Gettysburg National Military Park is getting a new visitor center next year, and to make way for the new construction, the old center must be torn down. In the middle of the current center is a very popular exhibit called 'The Electric Map'. The map is the centerpiece of a small auditorium. The story of the battle is told with sequenced lights that appear to move around on the map. Some have said that the explanation of troop movements on the map explained the battle better than anything else. This exhibit has been around for a long time, and predates the Park Service at Gettysburg. The map was originally built sometime in the 1930s, and then went through a big overhaul in the 1960s. It had been operated privately until the National Park Service acquired everything in 1972. Up until the Park Service took over, the map was operated manually, but I've been told, that since 1972 it has been running on the same automated system. Gettysburg Ranger Eric Campbell told me that the exhibit is really loved by the public. "I'm sure the new exhibit will be great, but I'm sad to see this one go," he said.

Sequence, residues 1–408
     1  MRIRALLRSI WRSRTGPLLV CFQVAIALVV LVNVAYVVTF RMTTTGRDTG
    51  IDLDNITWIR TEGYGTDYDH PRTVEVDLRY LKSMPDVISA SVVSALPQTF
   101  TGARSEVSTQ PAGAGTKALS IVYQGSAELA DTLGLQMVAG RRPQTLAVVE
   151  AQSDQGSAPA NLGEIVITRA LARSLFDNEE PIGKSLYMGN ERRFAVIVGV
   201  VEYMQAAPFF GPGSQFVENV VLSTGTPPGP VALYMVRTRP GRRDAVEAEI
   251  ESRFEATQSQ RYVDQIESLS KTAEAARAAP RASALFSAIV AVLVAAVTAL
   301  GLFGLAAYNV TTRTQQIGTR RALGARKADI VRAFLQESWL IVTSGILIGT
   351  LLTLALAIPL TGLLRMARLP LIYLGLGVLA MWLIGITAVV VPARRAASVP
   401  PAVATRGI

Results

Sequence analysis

The exhibit is so large, it is not at all easy to remove from the building. Because of the difficulty involved, there had even been talk about destroying the map along with the building. And while that may have been the last option, it stirred a lot of emotions in the Gettysburg community. In June, a citizen's group asked that the map not be destroyed, and park Superintendent John Latschar has agreed. The plan now is to cut the map into smaller pieces, apply shrink wrap, and put the pieces in storage somewhere in the park. There are no plans for the exhibit beyond that.
It is possible the map may not ever resurface, but at least this option leaves the door open for future alternatives, and doesn't destroy an exhibit that has been a visitor favorite for generations.